PNG’s annual 137 seasonal workers to Australia is unacceptable says Ling-Stuckey

PORT MORESBY, 31 AUGUST 2018 (POST COURIER) – The number of Papua New Guineans participating in the annual Seasonal Workers Program between Australia and PNG is unacceptably small says the member for Kavieng Ian Ling-Stuckey.

Querying the Minister for Labor and Industrial Relations Mehrra Kipefa, Ling-Stuckey eloquently voiced his concerns on the ridiculously low number of Papua New Guineans taking part in the program.

The shadow treasurer said that it was illogical and plain vile to have smaller Pacific countries like Tonga and Vanuatu send more workers annually to Australia than PNG which remains the largest of the Pacific island nations.

“I am very concerned that PNG is not rising to meet this wonderful opportunity.

“Last year in 2017, Tonga with a population of about 107,000 people, which is smaller than New Ireland’s population, successfully engaged 2,690 of its citizens in Australia sending home about AUD$26.253 million in foreign exchange or about K64 million ((US$19.6 million),” said Ling-Stuckey.

He said that furthermore, it was sad to learn from statistics provided by the Australian Department of Foreign Affairs and Trade that a mere 139 citizens of PNG had taken part in last year’s SWP.

He asked what were the Labour Minister and his department’s plans to improve these numbers and utilize the potential of a program that has proven to be lucrative and mutually beneficial for other island nations.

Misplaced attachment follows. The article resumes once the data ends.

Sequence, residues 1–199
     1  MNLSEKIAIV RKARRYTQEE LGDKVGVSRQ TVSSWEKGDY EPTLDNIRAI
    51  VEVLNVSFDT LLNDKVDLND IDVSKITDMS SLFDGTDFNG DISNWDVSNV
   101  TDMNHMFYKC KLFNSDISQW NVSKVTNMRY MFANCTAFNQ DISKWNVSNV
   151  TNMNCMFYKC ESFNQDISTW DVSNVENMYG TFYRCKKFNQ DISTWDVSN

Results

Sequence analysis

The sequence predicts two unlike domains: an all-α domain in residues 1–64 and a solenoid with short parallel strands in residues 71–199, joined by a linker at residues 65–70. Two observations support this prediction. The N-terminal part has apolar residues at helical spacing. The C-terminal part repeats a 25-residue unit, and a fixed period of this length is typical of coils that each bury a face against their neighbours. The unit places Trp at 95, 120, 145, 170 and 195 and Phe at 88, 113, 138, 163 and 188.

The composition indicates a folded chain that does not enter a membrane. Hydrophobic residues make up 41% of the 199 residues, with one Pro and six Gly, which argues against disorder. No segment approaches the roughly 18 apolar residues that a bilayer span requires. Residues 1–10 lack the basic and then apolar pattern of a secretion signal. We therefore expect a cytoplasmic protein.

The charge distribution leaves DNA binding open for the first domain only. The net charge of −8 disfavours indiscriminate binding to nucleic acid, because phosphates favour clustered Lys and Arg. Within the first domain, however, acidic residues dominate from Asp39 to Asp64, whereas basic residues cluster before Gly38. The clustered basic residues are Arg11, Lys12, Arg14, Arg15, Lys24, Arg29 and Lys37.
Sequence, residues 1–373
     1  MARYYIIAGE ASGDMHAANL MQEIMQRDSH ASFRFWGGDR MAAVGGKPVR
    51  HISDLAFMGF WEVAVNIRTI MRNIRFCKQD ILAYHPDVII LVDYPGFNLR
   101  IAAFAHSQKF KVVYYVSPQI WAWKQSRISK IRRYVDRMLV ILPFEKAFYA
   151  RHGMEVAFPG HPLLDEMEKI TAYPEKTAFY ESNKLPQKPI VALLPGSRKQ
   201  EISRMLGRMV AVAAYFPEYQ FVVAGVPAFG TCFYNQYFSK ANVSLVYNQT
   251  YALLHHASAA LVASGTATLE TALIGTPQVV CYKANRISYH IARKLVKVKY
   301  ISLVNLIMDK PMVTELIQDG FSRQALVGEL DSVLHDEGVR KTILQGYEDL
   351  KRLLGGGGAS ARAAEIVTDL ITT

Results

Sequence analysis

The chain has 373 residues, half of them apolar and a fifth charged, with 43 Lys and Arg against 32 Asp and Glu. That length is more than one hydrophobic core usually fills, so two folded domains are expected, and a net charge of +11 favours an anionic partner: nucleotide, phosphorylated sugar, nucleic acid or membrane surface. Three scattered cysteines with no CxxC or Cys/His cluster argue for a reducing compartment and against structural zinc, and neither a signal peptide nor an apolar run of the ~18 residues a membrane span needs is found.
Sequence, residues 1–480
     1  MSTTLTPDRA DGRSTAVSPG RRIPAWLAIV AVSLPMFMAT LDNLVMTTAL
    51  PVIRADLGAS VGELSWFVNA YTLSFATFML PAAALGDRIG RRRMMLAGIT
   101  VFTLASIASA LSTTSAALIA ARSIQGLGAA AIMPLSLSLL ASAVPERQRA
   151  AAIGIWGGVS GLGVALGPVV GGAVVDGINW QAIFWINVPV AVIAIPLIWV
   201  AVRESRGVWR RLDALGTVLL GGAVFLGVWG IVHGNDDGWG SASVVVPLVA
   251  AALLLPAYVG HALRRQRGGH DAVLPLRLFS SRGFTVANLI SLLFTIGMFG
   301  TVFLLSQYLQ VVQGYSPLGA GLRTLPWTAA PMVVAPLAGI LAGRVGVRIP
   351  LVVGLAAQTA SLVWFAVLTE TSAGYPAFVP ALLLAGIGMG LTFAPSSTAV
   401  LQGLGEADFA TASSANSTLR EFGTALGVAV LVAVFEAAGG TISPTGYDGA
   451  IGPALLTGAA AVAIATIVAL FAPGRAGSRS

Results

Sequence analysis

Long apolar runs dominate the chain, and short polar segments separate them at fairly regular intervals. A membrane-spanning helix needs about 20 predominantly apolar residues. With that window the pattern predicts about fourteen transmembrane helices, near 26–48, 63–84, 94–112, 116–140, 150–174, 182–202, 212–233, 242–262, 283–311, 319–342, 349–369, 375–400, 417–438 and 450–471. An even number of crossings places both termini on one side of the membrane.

In responding on behalf of the Labour Minister who was not present, Prime Minister Peter O’Neill said that he would get Minister Kipefa to get hard figures on how many PNG citizens had taken part in the SWP since its inception in 2008.

The PM added that he agreed that the SWP was being underutilized and that more in-roads should be made by the department in cooperation with DFAT to ensure PNG provides a much larger number of workers for seasonal work.

“We will work on improving the numbers but what I can say about our workers who go to Australia is that they are spoken of in high regard by Australian farmers and other entities that use the SWP.

“This is an indication that our workers are wanted on the ground, we just need to get the administrative affairs sorted,” added PM O’Neill.

Sir Mekere Morauta added a supplementary question asking the PM to get Australia to give PNG a SWP quota so that a steady number of workers are prepped for work annually, a suggestion to which the PM agreed to get the Minister to look into.

More Stories